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On church kneelers

An embroidered church kneeler is a little bit of English Christian history.

The author with a cross-stitch church kneeler created for the Ordinariate of Our Lady of Walsingham, which lists the locations of ordinariate parishes. (Photo courtesy of Joanna Bogle)

“We have something for you,” said the manageress, with a pardonably smug smile, as soon as I entered the coffee-shop. And she went to a door, rummaged in the cupboard and produced—my bag with my jacket and my embroidery! I had left them there the previous week in a distracted moment, had spent days frantically telephoning the bus depot and other places where I assumed they might have been…and it was simply wonderful to have them safely back in my possession.

And so I have resumed work on the church kneeler.

Remember when kneeling in church became seriously unfashionable? Some churches replaced pews with hotel-style chairs and no room for kneeling at all. There was this idea that kneeling in adoration of Almighty God was somehow too, too hopelessly humbling. Perhaps even superstitious. Anyway, absolutely wrong and unnecessary. Church should be about relaxation and comfort—or perhaps joy and moving about. But not kneeling.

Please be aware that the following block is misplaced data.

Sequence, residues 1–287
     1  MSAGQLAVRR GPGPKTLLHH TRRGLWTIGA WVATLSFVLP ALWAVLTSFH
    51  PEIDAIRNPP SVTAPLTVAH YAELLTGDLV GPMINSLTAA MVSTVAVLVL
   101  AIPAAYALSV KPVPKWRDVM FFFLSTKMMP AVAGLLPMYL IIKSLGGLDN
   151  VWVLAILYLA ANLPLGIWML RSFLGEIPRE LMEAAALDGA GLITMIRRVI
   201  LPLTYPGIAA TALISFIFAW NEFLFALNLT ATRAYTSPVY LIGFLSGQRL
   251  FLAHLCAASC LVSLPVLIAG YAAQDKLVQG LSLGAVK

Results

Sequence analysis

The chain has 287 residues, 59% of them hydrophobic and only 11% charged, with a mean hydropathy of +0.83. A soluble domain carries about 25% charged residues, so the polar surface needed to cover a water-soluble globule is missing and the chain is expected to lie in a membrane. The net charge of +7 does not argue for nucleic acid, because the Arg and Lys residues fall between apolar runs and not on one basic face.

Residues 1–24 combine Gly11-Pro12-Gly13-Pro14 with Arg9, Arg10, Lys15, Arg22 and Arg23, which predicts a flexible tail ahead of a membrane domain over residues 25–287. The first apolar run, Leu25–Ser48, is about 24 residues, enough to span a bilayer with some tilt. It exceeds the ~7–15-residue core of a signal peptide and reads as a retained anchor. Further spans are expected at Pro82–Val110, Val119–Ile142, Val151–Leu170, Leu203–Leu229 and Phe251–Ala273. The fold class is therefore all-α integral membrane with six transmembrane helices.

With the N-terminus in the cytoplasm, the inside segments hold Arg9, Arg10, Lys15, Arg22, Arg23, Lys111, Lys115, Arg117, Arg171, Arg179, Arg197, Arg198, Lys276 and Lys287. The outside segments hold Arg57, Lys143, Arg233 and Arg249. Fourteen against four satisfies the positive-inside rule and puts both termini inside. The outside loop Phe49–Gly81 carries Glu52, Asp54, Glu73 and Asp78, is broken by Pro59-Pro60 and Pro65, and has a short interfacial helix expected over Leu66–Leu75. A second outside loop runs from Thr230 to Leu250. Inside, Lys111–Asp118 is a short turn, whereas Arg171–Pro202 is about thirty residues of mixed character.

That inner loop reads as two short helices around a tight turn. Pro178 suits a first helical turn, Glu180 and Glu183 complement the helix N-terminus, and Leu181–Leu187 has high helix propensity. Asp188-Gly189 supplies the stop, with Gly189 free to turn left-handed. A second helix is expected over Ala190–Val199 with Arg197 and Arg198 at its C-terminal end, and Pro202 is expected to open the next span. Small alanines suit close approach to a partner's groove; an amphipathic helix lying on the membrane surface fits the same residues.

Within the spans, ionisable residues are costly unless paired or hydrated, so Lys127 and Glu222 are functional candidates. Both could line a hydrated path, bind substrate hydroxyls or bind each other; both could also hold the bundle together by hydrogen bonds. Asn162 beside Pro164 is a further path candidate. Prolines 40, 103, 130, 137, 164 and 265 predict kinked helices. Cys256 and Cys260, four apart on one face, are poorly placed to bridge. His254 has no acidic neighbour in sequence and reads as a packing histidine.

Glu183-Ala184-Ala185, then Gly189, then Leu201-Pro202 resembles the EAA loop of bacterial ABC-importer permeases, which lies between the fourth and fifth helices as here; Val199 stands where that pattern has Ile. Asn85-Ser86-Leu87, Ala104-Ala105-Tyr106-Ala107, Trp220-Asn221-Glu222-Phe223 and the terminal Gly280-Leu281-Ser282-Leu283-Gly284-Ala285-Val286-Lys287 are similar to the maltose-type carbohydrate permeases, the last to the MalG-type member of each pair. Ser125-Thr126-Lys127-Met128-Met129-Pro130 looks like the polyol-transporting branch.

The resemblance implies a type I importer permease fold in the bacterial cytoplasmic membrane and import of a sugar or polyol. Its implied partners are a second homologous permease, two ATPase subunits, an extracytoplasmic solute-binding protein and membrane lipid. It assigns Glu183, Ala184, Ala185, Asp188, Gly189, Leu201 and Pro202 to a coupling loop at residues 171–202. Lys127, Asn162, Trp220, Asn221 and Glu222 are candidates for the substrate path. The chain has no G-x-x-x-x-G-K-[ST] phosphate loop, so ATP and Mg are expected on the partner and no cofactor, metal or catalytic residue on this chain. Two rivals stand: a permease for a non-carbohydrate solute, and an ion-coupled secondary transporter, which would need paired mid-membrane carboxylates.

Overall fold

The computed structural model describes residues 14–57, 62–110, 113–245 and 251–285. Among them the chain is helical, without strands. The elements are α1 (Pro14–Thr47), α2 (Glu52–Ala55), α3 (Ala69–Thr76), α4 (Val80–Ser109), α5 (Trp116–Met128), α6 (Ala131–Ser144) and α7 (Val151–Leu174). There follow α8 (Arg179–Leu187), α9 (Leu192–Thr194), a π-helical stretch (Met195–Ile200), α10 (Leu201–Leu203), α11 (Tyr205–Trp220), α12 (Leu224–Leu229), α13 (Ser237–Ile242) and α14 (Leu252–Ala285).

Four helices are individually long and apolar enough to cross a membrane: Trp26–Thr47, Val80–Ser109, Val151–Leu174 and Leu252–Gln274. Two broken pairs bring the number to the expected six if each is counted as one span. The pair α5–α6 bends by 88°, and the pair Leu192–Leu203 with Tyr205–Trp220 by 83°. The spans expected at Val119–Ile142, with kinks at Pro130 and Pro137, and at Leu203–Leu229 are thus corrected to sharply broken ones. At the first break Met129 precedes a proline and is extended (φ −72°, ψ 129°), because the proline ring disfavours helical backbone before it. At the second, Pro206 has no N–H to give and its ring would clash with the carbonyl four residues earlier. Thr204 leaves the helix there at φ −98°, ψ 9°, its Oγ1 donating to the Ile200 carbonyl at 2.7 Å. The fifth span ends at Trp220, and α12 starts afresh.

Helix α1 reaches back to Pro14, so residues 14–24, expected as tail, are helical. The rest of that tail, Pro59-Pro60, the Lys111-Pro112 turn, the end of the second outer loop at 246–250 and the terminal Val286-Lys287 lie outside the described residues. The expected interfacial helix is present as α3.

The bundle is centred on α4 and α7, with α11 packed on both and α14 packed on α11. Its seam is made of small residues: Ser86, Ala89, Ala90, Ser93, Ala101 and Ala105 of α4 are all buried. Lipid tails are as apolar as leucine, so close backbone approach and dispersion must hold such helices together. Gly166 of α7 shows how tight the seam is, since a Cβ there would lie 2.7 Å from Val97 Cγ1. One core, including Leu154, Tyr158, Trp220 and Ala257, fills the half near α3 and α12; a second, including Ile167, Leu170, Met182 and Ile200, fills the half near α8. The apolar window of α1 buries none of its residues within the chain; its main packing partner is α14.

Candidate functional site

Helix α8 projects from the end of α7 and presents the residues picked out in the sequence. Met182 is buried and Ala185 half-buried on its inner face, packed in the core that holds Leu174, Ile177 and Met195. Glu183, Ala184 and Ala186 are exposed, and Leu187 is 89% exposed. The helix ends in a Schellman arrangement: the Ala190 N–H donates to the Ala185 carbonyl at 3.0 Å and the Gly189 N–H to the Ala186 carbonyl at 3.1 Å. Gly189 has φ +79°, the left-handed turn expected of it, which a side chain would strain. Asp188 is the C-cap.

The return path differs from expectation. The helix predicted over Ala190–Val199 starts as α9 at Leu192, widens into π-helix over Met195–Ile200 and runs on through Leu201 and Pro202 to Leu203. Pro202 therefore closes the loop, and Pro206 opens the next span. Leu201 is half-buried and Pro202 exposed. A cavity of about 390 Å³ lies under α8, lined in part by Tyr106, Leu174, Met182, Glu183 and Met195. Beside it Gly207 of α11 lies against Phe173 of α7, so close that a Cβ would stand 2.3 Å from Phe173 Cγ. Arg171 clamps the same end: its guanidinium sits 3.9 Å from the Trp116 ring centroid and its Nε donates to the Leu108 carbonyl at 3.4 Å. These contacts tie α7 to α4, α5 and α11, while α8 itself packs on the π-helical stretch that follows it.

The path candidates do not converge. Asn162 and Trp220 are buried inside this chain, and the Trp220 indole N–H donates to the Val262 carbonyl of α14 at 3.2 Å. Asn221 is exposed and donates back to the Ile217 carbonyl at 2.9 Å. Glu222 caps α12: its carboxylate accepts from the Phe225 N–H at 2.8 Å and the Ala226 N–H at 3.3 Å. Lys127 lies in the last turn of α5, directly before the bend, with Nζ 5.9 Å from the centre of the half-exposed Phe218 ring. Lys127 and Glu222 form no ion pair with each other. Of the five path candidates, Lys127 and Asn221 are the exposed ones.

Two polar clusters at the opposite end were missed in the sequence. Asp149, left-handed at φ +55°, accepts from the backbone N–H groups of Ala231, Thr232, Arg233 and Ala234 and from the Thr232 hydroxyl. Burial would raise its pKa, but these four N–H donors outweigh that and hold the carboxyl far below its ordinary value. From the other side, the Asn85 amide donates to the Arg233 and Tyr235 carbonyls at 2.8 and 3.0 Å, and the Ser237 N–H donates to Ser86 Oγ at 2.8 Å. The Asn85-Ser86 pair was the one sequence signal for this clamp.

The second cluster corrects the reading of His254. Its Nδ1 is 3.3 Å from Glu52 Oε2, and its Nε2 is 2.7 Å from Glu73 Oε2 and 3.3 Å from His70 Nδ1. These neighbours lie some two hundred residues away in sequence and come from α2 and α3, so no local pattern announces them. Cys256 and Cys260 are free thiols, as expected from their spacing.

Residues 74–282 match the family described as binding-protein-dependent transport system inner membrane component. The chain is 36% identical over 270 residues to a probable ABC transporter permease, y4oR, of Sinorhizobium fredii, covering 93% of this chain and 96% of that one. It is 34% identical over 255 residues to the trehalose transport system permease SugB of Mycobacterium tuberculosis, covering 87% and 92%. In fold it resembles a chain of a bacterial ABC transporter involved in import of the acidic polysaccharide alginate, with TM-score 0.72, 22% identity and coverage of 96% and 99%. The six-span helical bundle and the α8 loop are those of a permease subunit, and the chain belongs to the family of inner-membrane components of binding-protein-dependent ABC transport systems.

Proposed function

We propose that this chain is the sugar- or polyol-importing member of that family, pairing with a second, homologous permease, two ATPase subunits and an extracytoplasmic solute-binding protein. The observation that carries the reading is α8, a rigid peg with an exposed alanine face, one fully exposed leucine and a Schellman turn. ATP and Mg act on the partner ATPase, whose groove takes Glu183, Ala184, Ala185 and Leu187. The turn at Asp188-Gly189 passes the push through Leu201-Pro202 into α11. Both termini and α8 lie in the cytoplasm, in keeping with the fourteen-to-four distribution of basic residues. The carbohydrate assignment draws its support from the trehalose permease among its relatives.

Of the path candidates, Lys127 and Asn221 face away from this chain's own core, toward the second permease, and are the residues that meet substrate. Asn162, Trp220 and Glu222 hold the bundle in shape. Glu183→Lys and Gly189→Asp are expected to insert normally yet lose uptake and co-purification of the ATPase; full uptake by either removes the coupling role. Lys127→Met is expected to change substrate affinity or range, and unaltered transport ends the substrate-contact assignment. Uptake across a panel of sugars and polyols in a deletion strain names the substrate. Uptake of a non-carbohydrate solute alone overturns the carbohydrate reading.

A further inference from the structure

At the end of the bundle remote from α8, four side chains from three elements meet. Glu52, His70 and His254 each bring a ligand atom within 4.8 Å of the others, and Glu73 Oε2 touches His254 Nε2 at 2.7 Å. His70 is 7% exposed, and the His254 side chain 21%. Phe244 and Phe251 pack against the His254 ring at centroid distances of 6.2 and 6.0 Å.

Then Mother Angelica started the fight-back with her own specially-marketed kneelers bearing the EWTN logo, and urged people to take one along to Mass, and just kneel there at the Consecration. And at about the same time there came a steadily growing surge in the practice of adoration of the Blessed Sacrament—young people at World Youth Day, at charismatic prayer-groups, at retreats and gatherings organized by the New Movements. It gained momentum: suddenly kneeling was back in fashion. Among many other powerful moments, I remember kneeling before the Blessed Sacrament in London’s Hyde Park along with Pope Benedict—just yards away from where martyrs had died for their Catholic beliefs on Tyburn gallows four centuries before. I remember the silence, the hundreds of glittering candles, the awed descriptions of the scene later in the media—that same mass media that had initially greeted news of Pope Benedict’s visit with vicious attacks on his supposed hideously strict and old-fashioned teachings.

I remember a similar vigil the following year at World Youth Day in Madrid—the more memorable because the night also included a ferocious thunderstorm. And I think of so many other times of prayerful silence kneeling before the Lord—in a meadow at Walsingham with the New Dawn charismatic gathering, at Night Fever in a London church, at Paray-le-Monial in the scorching heat of a French summer, in Austria at a mountain shrine…

Kneeling is back in.  And for those of us who enjoy doing cross-stitch, there is scope for the work of our hands.